The ones with arguably one of the most important jobs on the planet receive a lousy paycheck for the effort required. Raising the future generation, their salary is minute compared to what it should be. Professional athletes get paid millions to throw a ball around, whereas the amount teachers receieve is embarassing.

We've all had our fair share of good and bad teachers; those that made you absolutely despise a subject due to their instruction or lack of enthusiasm, and those that were passionate about their profession and worked overtime to provide us with valuable information, leaving us craving more. Our instructors have a large emphasis on our future, so ensuring that these individuals are payed appropriately ensures they have an incentive to thrive.

Knowledge Is Power

There is a fine line marking the difference between knowledge and education. Being educated simply means being aware of facts, while knowledge applies to using these facts to produce an accurate result. Take for instance a college student and someone who went to a trade school. While the college students were busy learning the facts, the trade students were applying practical, real-world information to produce results. When it comes time to graduate, the college students will have a nifty degree and accreditation, whereas trade students will not only posess the same, but also hands-on skills. Neither is better than the other; only the relevance to your goals is the difference.

Student of Life

A lot of people have never picked up a book since they last graduated. Forced to scan textbooks cover to cover, learning what they are told, it's no wonder why. Such environments breed disgust for a book, and reading for leisure is never considered an option. Once you get your degree, what's the point, right?

Wrong. Look at everyone who was ever worth a damn, who've done something worthwhile, and then look at their library. The "secret" to success is no secret at all- smart people know that knowledge is key, so they are continually reading and learning new material.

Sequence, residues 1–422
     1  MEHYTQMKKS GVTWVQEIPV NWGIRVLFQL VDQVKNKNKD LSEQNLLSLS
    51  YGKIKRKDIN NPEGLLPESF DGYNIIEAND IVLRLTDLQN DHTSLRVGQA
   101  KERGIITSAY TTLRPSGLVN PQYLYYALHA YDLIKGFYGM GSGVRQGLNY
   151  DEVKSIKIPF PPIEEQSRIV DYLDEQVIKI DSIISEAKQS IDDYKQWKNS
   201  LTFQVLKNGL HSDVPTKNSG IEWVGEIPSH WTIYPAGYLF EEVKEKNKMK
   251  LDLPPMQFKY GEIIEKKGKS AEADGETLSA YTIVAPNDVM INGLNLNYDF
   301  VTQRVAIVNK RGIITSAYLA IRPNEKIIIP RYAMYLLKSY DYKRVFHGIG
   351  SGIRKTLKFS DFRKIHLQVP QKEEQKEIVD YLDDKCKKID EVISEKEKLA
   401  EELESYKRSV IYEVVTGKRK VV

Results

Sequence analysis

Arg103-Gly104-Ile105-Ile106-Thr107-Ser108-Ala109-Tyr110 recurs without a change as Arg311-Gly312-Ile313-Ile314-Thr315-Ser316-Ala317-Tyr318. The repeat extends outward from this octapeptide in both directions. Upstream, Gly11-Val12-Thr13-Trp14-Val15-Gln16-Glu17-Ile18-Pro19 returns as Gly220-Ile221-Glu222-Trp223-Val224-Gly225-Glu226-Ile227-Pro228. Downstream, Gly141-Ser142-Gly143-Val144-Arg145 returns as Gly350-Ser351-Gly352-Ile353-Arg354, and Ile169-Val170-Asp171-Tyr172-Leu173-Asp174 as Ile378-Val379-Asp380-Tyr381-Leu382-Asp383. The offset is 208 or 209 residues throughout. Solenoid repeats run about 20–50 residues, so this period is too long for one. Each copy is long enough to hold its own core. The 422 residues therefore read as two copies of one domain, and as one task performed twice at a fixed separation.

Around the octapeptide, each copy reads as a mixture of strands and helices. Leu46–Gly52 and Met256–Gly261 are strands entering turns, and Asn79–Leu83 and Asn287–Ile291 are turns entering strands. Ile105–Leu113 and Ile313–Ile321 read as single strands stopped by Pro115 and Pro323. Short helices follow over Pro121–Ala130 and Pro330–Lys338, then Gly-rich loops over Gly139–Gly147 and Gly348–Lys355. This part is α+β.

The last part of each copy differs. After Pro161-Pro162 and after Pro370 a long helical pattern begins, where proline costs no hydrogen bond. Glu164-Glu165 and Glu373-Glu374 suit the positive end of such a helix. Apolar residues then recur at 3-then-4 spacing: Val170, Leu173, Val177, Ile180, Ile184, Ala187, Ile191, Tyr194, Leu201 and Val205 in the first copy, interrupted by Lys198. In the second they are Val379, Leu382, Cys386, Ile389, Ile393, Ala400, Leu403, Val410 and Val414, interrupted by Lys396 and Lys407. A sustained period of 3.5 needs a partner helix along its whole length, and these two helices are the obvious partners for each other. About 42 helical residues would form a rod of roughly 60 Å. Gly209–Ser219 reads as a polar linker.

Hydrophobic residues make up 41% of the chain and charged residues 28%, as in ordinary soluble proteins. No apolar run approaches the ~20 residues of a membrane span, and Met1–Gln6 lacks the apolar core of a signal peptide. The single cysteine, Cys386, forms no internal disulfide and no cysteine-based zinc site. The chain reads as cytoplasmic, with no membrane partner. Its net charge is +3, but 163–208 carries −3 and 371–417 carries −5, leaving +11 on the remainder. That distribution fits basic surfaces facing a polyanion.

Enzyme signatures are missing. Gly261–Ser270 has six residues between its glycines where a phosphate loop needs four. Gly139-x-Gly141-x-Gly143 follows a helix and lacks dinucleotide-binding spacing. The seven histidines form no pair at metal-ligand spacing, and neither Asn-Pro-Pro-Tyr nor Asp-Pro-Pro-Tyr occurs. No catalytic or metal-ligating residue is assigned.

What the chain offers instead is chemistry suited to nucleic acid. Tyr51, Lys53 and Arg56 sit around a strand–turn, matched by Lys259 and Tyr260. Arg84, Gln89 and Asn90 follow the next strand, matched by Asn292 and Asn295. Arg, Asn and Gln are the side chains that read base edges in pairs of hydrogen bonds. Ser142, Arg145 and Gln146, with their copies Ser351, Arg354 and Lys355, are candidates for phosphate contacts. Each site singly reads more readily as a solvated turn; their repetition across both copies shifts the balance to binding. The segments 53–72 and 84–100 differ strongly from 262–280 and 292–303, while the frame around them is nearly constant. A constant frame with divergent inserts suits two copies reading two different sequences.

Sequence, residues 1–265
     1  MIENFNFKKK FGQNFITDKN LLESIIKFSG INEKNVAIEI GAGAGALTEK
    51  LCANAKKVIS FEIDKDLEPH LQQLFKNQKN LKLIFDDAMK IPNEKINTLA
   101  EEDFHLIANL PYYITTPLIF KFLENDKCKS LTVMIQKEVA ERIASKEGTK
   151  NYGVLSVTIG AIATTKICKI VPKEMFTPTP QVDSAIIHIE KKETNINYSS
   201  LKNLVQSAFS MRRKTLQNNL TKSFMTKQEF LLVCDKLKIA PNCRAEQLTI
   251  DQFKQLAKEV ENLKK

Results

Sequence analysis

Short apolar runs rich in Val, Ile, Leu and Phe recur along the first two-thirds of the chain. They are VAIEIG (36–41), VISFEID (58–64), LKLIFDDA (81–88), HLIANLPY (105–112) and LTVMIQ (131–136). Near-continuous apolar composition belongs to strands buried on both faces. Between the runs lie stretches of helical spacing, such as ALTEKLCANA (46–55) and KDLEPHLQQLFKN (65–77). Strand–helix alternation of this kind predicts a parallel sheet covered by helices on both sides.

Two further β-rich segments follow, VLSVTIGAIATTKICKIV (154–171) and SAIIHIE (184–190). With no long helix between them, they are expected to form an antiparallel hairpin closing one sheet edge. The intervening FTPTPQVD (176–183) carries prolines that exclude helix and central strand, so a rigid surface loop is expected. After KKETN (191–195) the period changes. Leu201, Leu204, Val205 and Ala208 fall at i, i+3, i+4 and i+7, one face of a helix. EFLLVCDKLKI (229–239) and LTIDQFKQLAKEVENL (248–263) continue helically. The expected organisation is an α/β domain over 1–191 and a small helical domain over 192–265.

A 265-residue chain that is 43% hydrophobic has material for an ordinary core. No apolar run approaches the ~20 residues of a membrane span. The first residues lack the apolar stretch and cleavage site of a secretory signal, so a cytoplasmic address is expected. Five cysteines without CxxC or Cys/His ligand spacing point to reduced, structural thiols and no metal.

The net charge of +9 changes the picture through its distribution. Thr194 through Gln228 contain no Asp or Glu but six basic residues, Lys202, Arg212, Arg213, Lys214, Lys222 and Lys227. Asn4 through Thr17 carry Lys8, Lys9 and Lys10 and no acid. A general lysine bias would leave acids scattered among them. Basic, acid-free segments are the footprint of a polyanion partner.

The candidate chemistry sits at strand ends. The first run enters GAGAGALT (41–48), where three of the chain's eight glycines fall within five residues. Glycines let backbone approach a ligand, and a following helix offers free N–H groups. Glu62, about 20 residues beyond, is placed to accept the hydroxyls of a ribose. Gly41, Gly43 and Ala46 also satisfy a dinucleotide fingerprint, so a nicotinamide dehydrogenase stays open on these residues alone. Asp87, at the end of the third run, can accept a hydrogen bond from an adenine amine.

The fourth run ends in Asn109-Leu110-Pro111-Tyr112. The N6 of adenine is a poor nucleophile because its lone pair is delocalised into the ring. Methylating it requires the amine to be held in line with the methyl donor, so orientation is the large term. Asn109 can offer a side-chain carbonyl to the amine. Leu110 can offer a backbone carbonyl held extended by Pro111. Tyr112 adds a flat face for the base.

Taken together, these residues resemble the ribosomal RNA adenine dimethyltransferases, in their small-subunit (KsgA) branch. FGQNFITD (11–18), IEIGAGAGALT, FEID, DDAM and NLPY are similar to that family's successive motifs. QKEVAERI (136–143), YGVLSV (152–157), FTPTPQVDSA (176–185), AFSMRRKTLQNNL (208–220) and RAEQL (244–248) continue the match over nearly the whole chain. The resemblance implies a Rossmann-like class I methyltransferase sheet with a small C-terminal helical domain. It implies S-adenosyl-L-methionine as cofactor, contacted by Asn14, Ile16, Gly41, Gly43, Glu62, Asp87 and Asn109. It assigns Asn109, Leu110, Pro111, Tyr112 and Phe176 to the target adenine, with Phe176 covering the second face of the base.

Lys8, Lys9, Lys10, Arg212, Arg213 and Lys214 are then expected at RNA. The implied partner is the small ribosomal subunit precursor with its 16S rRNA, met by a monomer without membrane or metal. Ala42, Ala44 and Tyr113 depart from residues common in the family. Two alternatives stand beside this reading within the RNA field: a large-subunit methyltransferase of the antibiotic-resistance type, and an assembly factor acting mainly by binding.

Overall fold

We challenge you to take another viewpoint toward life: always be a student. Never stop learning and feeding your mind. Focus on text that is relevant to your job or career path, information that will help you reach your goals, and don't forget to get lost in the occasional fictional book.

We all have something to learn from one another. Get out there, challenge your beliefs, and always question everything. For an expanding list of self-empowering literature, check out this post.

"Why have so many schools reduced the time and emphasis they place on art, music, and physical education? The answer is beyond simple: those areas aren’t measured on the all-important tests. You know where those areas are measured… in life! Art, music, and a healthy lifestyle help us develop a richer, deeper, and more balanced perspective. Never before have we needed more of an emphasis on the development of creativity, but schools have gone the exact opposite direction in an effort to make the best test-taking automatons possible. Our economy no longer rewards people for blindly following rules and becoming a cog in the machine. We need risk-takers, outside-the-box thinkers, and entrepreneurs; our school systems do the next generation a great disservice by discouraging these very skills and attitudes. Instead of helping and encouraging them to find and develop their unique strengths, they're told to shut up, put the cell phones away, memorize these facts and fill in the bubbles." -Dave Burgess